Fifth, rural women are being displaced by returning male migrant workers in agriculture. While the first wave triggered reverse migration where nearly 30 million migrants returned home to rural areas, male returnees were hopeful of their unemployment being temporary and families banked on savings. However, the second wave has brought with it increased health expenses, the reality of depleted savings, and the looming, credible threat of prolonged unemployment. Consultations revealed several instances of returning male migrants taking higher paying jobs in the agriculture and farm sector, leaving women to pick up the most low-paying, labour intensive work.
As we slowly but surely see the second wave receding, governments must lead the way in charting a path of sustainable, gender-inclusive economic recovery, starting by focusing on unemployed rural women. Public expenditure and investment should focus on schemes and sectors which have high job-creation potential for women including MGNREGA and the care economy, comprising childcare, elderly care, and other care services. Personal protective equipment (PPE) could be preferentially procured from women-led SHGs for distribution in rural healthcare facilities, reducing logistical costs and spurring local economic development. India’s 2.5 million frontline healthcare workers ASHAs, AWWs and ANMs, most of whom are women, must be recognised as workers, provided appropriate PPE and paid adequate monthly wages in recognition of their service to the country. Landless women farmers and agricultural wage workers are most vulnerable and should be targeted under cash-based social protection schemes. Most importantly, schemes such as the PMGDisha, need to have a special focus on improving digital literacy for rural women, so that they are not left out of the growing digital economy.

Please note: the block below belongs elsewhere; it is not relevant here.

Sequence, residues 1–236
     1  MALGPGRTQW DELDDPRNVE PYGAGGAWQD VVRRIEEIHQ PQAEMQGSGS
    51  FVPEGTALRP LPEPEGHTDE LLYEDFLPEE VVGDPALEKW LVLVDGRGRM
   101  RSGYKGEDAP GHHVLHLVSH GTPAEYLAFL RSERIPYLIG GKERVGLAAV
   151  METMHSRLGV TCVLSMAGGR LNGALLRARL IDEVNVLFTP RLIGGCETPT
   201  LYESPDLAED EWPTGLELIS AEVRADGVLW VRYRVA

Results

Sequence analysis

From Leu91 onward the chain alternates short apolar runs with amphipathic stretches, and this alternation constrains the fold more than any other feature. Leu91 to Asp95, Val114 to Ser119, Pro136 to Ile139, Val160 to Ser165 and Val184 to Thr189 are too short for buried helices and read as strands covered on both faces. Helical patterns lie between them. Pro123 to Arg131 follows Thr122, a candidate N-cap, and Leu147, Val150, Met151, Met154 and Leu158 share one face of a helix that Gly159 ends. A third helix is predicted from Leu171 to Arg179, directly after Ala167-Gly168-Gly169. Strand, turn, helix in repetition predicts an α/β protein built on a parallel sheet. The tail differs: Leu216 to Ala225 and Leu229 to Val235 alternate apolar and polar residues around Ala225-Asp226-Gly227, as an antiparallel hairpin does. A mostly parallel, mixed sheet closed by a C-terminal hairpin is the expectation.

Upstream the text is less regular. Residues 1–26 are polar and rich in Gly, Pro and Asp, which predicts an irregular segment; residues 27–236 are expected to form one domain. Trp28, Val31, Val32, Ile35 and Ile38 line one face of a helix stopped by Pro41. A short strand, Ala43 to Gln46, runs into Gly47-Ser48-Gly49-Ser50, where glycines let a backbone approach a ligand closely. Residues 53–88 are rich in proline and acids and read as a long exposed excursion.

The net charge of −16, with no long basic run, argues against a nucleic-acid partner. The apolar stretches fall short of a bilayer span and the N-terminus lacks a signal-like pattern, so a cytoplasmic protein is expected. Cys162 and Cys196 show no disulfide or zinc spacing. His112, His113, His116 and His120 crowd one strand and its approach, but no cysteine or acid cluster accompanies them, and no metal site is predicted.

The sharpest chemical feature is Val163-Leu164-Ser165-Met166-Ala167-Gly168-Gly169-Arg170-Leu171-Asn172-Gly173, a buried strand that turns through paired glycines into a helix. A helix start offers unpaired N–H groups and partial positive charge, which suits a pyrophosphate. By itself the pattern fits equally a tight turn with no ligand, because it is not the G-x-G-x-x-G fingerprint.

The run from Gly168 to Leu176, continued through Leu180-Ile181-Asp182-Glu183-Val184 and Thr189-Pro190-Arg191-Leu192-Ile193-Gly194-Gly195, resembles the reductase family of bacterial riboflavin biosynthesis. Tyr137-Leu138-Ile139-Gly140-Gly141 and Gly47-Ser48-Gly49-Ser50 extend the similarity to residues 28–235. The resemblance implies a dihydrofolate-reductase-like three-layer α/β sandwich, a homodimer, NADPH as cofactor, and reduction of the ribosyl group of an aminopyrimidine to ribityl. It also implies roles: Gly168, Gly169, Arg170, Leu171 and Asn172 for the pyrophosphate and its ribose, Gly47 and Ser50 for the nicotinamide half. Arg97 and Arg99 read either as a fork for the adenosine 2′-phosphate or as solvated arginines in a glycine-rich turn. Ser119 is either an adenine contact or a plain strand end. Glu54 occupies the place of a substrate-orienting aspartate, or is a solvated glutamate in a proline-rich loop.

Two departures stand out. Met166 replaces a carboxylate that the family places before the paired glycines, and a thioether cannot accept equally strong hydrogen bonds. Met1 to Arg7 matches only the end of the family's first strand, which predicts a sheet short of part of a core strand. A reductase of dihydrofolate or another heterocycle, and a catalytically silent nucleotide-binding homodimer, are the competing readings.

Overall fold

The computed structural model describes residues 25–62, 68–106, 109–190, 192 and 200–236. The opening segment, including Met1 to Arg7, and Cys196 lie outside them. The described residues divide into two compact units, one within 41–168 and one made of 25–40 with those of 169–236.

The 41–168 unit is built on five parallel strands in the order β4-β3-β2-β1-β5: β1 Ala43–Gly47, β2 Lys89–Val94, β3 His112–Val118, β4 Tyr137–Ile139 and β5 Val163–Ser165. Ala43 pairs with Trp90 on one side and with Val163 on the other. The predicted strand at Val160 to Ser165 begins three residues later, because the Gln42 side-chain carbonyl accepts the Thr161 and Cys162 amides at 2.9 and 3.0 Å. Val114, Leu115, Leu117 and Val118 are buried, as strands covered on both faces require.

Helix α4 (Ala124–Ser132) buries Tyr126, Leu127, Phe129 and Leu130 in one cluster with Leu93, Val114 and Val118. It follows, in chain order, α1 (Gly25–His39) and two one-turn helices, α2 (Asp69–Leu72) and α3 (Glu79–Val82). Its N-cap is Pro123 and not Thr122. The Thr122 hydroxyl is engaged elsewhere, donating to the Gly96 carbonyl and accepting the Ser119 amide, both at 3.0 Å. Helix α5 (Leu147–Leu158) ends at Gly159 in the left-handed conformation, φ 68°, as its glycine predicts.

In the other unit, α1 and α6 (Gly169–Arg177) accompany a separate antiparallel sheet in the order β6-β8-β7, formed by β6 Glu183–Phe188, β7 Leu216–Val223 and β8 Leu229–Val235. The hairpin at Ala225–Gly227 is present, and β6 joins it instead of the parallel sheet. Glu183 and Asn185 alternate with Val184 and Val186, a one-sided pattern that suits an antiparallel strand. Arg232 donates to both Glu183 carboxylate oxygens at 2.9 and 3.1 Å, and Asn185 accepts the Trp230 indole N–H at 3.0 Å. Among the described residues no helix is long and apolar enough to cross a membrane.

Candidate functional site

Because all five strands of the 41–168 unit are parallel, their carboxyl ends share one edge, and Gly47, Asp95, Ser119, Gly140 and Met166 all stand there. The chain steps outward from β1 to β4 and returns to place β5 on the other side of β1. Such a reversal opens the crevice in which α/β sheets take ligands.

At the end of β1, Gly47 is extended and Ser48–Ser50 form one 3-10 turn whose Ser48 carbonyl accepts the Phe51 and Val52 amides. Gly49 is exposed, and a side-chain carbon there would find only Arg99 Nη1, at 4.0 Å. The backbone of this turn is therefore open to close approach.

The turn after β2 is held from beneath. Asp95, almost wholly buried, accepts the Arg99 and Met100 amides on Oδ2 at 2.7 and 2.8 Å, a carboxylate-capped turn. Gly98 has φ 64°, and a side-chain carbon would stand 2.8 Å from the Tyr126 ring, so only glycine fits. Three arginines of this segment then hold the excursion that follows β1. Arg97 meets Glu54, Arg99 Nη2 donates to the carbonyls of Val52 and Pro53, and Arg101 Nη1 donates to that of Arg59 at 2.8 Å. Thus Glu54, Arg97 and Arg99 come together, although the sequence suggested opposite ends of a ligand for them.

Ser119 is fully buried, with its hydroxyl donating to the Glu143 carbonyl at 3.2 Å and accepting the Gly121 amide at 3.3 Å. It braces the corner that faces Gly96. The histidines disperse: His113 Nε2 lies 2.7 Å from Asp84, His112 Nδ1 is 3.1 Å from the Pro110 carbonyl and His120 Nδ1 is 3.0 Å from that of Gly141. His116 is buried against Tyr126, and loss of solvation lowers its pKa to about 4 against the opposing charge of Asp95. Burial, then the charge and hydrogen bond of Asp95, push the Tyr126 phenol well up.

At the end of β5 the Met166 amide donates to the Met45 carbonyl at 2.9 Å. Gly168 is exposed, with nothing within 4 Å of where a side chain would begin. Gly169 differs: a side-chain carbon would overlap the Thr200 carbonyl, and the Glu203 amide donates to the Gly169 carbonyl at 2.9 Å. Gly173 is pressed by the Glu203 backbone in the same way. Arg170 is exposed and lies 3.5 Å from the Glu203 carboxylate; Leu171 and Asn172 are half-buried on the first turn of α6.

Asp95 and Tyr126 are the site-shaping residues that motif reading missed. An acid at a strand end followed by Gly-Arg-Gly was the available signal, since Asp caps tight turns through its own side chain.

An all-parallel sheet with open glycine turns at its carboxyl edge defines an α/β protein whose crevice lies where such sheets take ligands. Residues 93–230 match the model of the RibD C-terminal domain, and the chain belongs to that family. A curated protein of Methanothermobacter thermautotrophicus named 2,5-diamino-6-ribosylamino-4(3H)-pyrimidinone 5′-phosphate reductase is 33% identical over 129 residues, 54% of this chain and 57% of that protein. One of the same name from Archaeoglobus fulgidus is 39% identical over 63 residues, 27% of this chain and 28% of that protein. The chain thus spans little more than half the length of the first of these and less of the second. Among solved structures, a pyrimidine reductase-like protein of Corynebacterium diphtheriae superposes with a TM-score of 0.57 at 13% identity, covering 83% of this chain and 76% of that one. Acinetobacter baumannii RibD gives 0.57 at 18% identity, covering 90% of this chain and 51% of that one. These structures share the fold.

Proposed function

The writers are with youth-led economics research and policy think tank, Nikore Associates. Research assistance provided by Krsna Singh and Arushi Sharma